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Shawn Vestal: However you slice the numbers, we have a lot of police shootings

Shawn Vestal  (DAN PELLE)
Shawn Vestal (DAN PELLE)

The claim has been around for a while now, raised often by police critics: Spokane has the third-deadliest police force in the country.

That assertion is based on a data analysis by Mapping Police Violence, a website operated by police-reform advocates. The site compiles and analyzes data from police departments all over the country to examine police brutality, accountability efforts and other categories of information about policing in our cities.

The website shows that Spokane’s rate of police shootings is among the highest in the country – 9.9 shootings per year per 1 million in population. Among the 100 largest departments in the country, Spokane ranks third, behind St. Louis (16.9) and Oklahoma City (10.4).

That rate is based on Spokane’s 17 police shootings from 2013 to 2020 and its 2018 population of 214,000. That’s a little more than two a year, on average.

Police Chief Craig Meidl posted a video to YouTube recently challenging what he termed a “dangerous and misleading narrative circulating in our community.”

In it, he notes the Mapping Police Violence ranking and suggests it is misleadingly presented.

“What they don’t tell you, a little-known fact, is their data is based on a population of 1 million,” Meidl said. “Spokane does not have a population of 1 million. In order to get to that 1 million threshold they use, we would have to multiply the Spokane population by almost five.”

Meidl argues that using 1 million as a basis of comparison distorts the truth, and uses a couple of examples of the way such a calculation would work with small towns – giving Wapato a rate in the 50s, for example.

It’s true that the website uses a rate-per-million comparison, but it’s not true that “they don’t tell you” that.

Among other places, it’s stated right on the graphic showing the comparison: “Avg Police Killing Rate per 1M, 2013-2020.”

It’s also true that every other department on that list is given a rate based on a population of 1 million. Many of the departments have populations below 1 million, and so the resulting rates-by-population are higher in many cases than the actual raw numbers.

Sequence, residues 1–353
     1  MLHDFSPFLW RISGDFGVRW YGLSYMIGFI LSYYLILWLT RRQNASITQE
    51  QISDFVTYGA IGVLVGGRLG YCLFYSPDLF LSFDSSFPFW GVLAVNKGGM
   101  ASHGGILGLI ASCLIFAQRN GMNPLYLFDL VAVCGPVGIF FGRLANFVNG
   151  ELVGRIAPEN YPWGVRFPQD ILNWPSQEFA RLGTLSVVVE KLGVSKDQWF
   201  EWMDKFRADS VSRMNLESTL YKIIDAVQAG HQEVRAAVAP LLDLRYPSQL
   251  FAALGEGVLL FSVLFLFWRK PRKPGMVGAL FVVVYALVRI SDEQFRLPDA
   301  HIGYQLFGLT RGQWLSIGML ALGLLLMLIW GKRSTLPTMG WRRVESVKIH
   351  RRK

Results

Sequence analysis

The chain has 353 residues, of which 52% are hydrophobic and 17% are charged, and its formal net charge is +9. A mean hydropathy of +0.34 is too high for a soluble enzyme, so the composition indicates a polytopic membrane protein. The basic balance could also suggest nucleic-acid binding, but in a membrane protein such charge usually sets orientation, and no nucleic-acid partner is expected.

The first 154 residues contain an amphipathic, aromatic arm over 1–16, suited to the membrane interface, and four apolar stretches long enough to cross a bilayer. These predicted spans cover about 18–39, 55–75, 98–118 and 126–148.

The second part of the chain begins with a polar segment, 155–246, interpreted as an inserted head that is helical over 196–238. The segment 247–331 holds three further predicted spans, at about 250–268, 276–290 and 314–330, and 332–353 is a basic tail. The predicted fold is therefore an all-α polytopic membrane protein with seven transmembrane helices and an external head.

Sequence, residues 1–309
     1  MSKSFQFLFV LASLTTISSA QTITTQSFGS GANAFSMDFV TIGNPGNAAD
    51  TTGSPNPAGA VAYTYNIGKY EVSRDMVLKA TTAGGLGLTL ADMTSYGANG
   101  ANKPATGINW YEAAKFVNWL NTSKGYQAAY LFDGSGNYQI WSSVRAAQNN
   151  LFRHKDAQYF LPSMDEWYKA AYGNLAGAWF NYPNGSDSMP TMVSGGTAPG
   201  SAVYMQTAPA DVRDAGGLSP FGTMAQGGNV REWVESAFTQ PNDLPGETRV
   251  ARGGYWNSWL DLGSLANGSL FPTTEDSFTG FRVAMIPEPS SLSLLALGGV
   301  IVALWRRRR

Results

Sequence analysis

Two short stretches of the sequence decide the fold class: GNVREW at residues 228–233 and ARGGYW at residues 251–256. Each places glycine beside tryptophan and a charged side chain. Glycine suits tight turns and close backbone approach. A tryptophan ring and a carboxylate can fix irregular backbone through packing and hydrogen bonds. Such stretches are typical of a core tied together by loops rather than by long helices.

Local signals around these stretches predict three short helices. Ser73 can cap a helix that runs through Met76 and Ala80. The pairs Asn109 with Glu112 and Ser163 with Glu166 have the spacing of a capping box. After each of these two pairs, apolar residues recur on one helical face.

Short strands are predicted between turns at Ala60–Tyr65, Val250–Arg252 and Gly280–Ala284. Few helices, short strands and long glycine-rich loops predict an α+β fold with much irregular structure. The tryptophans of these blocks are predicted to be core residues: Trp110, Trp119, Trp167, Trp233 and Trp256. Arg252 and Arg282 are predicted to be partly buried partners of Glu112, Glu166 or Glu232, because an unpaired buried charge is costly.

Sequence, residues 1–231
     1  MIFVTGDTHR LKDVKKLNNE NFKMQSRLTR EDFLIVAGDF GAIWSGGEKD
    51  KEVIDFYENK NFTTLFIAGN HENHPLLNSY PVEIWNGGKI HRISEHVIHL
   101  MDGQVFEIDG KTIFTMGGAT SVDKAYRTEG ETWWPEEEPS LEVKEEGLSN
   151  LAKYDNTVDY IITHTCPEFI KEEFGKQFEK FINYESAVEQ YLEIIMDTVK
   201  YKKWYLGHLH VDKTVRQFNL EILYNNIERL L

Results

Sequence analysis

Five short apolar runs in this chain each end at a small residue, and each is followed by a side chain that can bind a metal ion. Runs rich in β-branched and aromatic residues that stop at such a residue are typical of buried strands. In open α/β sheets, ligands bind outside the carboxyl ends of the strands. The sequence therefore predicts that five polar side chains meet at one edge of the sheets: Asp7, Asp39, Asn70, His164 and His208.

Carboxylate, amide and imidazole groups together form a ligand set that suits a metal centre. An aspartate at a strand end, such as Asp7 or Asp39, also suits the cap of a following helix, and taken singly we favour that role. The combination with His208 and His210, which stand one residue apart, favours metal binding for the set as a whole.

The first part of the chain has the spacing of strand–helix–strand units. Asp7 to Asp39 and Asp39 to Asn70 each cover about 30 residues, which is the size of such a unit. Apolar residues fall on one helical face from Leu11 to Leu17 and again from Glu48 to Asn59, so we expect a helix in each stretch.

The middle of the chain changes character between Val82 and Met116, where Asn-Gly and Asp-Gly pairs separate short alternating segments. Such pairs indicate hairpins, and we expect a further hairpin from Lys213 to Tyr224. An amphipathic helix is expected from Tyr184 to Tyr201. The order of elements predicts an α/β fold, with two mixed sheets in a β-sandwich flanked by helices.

Using 1 million as the base figure for calculating the rate is unusual – calculating per 100,000 in population for demographic purposes is more common. The higher base produces a rate that is higher than the raw numbers, unless a city has more than a million people, in which case it would produce a lower figure.

For example, the department with the fourth-highest rate of shootings, right behind Spokane, is Phoenix. It has a population of 1.6 million and had 125 police killings in that seven-year period. Its annual rate of 9.7 per million is actually lower than its actual number of shootings – which is almost 18 per year.

But as Ed Byrnes, a professor of social work at Eastern Washington University who has done a lot of research with police statistics, pointed out, using the 1 million figure does not change the ranking of departments at all. It does not change where Spokane stands on the question relative to other departments.

To help me with my limited math skills, Byrnes walked me through several examples of population-based comparisons to show how rates might change: A city of 200,000 with five police shootings a year would have an annual rate of 0.25 per 10,000, or 2.5 per 100,000, or 25 per million.

At the end of the day, though, if you use the same yardstick to measure all the cities, the rate will change, but the order of the cities will not. The comparison remains the same.

“If you apply the same base (population) to every case, the rankings are not going to change,” he said.

In other words, if you used the same number of police shootings with a 100,000 population, or a 10,000 population, Spokane would still have the third-most police shootings per capita.

Third – no matter how you slice it.

Which you might think might be the main issue here.

If you throw out the population-based comparison entirely, what you see in the raw data is Spokane had more police shootings over that seven-year period than many larger cities.

Boston, with a population of about 680,000, had 13 shootings during the time Spokane had 17.

Nashville, Tennessee, with a population about three times Spokane’s, had 13.

Oakland, California, with about twice our population, had 11.

Lots of other larger cities had fewer shootings, too, including Minneapolis; Anaheim, California; Cincinnati; Omaha, Nebraska; Arlington, Texas; Corpus Christi, Texas; New Orleans; Tampa, Florida; Miami; Toledo, Ohio; and Cleveland.

And what you don’t see on that list are cities of roughly Spokane’s size with significantly more shootings.

There could be many reasons for this. Police shootings can vary across cities for many reasons, including factors such as the violent crime rate. The number itself doesn’t answer the main question that it raises: Why?

But it is neither dangerous nor misleading to note the truth of it.

We’re No. 3.

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